Keep your distance: Supreme Court takes up protesters outside abortion clinics

Massachusetts requires protesters to stay 35 feet away from abortion clinics. Opponents arguing before the US Supreme Court Wednesday said the law hinders the free speech of antiabortion counselors.

Evan Vucci/AP
Alan Hoyle, of Lincolnton, N.C., stands outside the Supreme Court where the court heard arguments Wednesday on a state of Massachusetts law setting a 35-foot protest-free zone outside abortion clinics.

A Massachusetts law that authorizes a 35-foot, speech-free buffer zone around abortion clinics appears to be in serious jeopardy following a contentious hour-long hearing at the US Supreme Court on Wednesday.

The state law was passed in 2007 in an effort to prevent antiabortion protesters from obstructing clinic entrances and harassing or intimidating patients.

Massachusetts has a history of obstructionist and, at times violent, protests at clinics. But not all antiabortion opponents are violent – or even loud.

The case before the high court involves a group of antiabortion counselors who seek the opportunity to speak quietly with women who are about to have an abortion.

Their goal is clear; they want to talk them out of ending their pregnancy. And their tactics involve a decidedly undramatic approach that would never make an evening newscast. A lawyer described the tactic as “quiet conversation.”

Their lawyer, Mark Rienzi, argues that the First Amendment’s protects their right to engage in conversations on a public sidewalk – including a public sidewalk in front of an abortion clinic.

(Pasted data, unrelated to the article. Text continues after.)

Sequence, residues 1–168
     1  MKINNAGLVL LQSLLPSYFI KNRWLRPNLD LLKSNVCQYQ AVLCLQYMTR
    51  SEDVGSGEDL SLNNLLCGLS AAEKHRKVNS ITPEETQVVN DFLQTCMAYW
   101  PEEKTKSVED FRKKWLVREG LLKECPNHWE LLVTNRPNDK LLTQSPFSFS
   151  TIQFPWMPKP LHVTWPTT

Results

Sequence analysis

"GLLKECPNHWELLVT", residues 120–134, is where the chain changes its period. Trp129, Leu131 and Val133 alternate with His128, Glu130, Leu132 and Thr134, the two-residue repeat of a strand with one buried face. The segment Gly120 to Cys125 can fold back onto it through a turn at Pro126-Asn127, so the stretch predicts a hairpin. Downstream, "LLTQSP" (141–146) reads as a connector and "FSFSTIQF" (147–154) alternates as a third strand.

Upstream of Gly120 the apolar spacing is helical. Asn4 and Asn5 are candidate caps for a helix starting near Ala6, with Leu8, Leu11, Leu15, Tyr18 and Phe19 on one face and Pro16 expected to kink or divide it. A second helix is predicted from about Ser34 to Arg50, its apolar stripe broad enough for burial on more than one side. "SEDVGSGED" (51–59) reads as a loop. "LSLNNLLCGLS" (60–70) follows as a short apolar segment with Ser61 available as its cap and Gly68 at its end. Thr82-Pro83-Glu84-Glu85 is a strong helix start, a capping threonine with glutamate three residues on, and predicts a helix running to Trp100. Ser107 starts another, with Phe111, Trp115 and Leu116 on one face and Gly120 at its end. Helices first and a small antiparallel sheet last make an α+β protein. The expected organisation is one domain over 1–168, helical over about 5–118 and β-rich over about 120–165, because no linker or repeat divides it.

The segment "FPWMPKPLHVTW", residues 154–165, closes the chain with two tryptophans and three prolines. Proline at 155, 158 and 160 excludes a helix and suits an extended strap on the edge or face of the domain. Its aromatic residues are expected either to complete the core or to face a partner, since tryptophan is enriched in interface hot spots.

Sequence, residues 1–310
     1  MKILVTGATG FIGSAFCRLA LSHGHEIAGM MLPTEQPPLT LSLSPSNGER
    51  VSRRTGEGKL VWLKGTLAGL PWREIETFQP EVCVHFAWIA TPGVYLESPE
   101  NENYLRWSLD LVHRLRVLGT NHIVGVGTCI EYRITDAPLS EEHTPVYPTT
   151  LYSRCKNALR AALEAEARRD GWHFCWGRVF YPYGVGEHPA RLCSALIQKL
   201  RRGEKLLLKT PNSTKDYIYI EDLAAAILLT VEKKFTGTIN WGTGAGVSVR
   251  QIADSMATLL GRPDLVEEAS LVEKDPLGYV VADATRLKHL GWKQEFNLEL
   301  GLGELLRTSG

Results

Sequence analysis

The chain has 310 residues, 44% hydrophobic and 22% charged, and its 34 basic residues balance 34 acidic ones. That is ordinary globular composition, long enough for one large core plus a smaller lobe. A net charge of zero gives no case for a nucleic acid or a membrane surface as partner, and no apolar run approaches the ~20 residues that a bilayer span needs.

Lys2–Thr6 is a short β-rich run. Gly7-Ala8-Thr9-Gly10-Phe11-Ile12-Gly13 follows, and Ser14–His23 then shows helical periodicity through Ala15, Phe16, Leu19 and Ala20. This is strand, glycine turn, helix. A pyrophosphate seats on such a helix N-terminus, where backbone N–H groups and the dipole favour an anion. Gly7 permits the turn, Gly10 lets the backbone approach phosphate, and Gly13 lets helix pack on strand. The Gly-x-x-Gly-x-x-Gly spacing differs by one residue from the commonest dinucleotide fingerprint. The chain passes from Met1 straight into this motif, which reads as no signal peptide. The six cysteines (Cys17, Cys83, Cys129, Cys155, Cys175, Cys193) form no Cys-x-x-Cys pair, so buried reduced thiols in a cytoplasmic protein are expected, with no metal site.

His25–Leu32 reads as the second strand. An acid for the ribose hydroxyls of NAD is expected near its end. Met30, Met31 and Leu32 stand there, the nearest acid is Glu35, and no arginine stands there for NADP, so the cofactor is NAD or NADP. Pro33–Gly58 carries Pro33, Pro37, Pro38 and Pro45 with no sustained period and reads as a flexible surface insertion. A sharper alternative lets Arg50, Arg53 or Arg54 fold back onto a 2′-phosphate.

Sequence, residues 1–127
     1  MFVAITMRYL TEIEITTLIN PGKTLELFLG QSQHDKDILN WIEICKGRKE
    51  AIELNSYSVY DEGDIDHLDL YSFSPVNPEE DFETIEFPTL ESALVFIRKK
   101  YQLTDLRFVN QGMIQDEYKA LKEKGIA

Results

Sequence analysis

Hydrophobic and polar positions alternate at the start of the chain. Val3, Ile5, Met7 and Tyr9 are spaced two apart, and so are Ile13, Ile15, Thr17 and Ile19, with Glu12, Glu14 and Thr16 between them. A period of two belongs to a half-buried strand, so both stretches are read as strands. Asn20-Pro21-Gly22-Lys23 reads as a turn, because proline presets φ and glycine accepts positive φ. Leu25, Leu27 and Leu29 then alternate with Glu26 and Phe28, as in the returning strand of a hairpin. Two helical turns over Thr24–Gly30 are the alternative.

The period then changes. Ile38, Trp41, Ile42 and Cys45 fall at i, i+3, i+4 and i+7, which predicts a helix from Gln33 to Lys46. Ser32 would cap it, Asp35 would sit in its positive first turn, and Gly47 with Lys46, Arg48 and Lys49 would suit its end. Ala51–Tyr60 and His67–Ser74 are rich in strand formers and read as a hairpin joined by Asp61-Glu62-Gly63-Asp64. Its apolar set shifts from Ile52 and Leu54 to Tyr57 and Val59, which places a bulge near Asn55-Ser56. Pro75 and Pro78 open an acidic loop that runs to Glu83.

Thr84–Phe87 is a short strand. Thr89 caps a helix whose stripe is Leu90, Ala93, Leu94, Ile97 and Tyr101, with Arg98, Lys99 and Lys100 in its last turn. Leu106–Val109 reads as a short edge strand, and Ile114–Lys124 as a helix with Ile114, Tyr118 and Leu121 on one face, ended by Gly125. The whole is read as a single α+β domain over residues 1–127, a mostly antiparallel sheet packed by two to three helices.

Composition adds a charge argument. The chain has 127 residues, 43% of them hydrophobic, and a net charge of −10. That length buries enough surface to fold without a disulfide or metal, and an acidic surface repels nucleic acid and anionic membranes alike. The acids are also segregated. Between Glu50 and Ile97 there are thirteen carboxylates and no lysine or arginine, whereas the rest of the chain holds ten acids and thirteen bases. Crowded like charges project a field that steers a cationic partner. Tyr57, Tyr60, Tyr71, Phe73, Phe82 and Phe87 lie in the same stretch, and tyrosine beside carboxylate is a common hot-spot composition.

This approach of focusing on non-confrontational aspects of antiabortion speech makes the case different than other abortion clinic obstruction cases heard by the high court. And it highlights the difficulty of enacting a broad prohibition of speech within a 35-foot zone without also treading on someone’s free speech rights.

At one point during the argument, Assistant Massachusetts Attorney General Jennifer Grace Miller compared the area around an abortion clinic entrance to a “goalie’s crease,” the zone marked off in front of a goal in ice hockey.

Ms. Miller’s descriptions of clinic protests evoked chaotic scenes of shouting, shoving, and swearing, not unlike a kind of sidewalk version of a Boston Bruins hockey game.

But the court’s conservatives would have none of it.

“This is not a protest case,” Justice Antonin Scalia objected at one point. “These people don’t want to protest abortion. They want to talk to the women who are about to get abortions and try to talk them out of it.”

He added: “If it was a protest, keeping them back 35 feet might not be so bad. They can scream and yell and hold up signs from 35 feet. But what they can’t do is try to talk the woman out of the abortion.”

“It is a counseling case,” Scalia said, “not a protest case.”

Miller responded that even those who wanted to talk quietly with the patients were adding to the congestion around the clinic entrance.